Sarah knew that everything the voice said was true. What she didn’t agree with was the way in which these people were trying to run away from the problem, and their schoolmasterly attitude towards anyone who thought differently.
Their schoolmasterly attitude towards anyone who thought differently. Hmm. Hold that thought. A page later, Malcolm Hulke serves up a line which thudded like a crossbow bolt into my nine-year-old brain, and which has, I’m happy to say, remained embedded there ever since:
Sarah thought about this. A veteran journalist once told her, “Beware people who know they are right, like Oliver Cromwell. For the good of humanity, those people sometimes do murder.”
What’s alarming about the fictional cabinet minister Sir Charles Grover is precisely the same thing that’s alarming about the real-life cabinet minister Michael Gove: they’re both people who know they are right. I’m not remotely suggesting, of course, that Mr Gove has any plans to do murder; I’m merely pointing out that he is busy masterminding a dinosaur invasion of another, rather subtler sort. He has already demonstrated his commitment to rolling back time and attempting to rewrite history along lines that better suit his own view of the world, and with every fresh initiative, like this latest Steinbeck-suppressing idiocy, he administers a vicious, oafish kicking to the education of Britain’s children – doubtless, in his own mind, for the good of humanity.
Towards the climax of The Dinosaur Invasion, Malcolm Hulke allows Sir Charles Grover a brief moment of self-awareness:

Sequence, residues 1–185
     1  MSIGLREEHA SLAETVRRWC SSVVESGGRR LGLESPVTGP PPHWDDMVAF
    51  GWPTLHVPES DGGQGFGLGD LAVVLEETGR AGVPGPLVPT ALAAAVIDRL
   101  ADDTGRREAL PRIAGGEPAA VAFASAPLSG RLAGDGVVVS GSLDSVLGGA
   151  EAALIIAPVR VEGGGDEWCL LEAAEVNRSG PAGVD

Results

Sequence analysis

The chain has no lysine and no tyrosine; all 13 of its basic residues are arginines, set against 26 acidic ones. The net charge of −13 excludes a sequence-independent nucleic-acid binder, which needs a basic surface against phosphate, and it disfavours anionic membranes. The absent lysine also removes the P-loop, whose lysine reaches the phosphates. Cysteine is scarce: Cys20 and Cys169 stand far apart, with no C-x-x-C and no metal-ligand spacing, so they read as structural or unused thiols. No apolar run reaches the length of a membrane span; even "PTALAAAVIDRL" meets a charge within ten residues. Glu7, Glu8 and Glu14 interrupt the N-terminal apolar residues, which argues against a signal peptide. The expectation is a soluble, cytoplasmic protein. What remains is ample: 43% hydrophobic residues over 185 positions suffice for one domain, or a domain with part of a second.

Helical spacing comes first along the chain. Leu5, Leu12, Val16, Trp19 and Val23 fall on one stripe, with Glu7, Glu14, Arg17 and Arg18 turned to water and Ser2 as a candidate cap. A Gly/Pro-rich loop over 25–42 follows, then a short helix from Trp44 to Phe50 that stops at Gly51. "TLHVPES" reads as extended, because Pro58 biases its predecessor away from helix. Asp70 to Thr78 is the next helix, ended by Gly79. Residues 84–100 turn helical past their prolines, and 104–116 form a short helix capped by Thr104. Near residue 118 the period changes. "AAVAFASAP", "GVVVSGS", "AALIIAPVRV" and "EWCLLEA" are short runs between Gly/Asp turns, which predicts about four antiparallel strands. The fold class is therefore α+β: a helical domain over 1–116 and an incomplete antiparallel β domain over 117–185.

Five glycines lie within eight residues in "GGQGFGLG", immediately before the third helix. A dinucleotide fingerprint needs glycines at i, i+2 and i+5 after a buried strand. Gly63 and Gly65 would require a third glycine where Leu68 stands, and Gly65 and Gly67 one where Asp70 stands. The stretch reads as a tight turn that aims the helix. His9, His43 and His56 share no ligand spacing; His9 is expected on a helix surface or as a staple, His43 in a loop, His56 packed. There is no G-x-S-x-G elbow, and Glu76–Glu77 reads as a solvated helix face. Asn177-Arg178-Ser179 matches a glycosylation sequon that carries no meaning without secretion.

“Twenty years in politics has taught me that people only believe what they want to believe.” He paused to think. “I suppose that goes for us all in a way.”
I don’t know whether Michael Gove is blessed with sufficient self-knowledge to concede that point – but I suspect he isn’t, and this is profoundly worrying. All of us, even government ministers – no, scrub that, especially government ministers – have an ongoing obligation to enquire within. We need to question ourselves, to interrogate our motives and our means. We need to consult that most reliable of self-regulators and that greatest of intellectual galvanisers: doubt. If we only believe what we want to believe, and if we become so convinced our ideological stance is for the common good that we stop listening to other people altogether – well, that’s when our hands start straying towards the controls of that time machine.
Above all else, an Education Secretary should surely be encouraging children to read books. Good books, bad books, important books, trivial books, British books, American books, Asian books, African books. What children don’t need is agenda-driven interference from a pontificating fool about which books they ought not to be reading, any more than they need autographed bibles, calumnious attacks on Blackadder, or any of the rest of Mr Gove’s silly, vain, hubristic pet projects.
Michael Gove is a man convinced that he is right, and his reaction to every fresh wave of criticism is to pout a little more and stiffen his resolve. The danger he poses to the education of children cannot easily be overestimated. He’s not a disaster waiting to happen; he’s a disaster already happening.
Still, it’s not all bad news. As I post this, I note that To Kill a Mockingbird has today rocketed to number 7 in Amazon’s Top 100 list. Nice work, Mr Gove.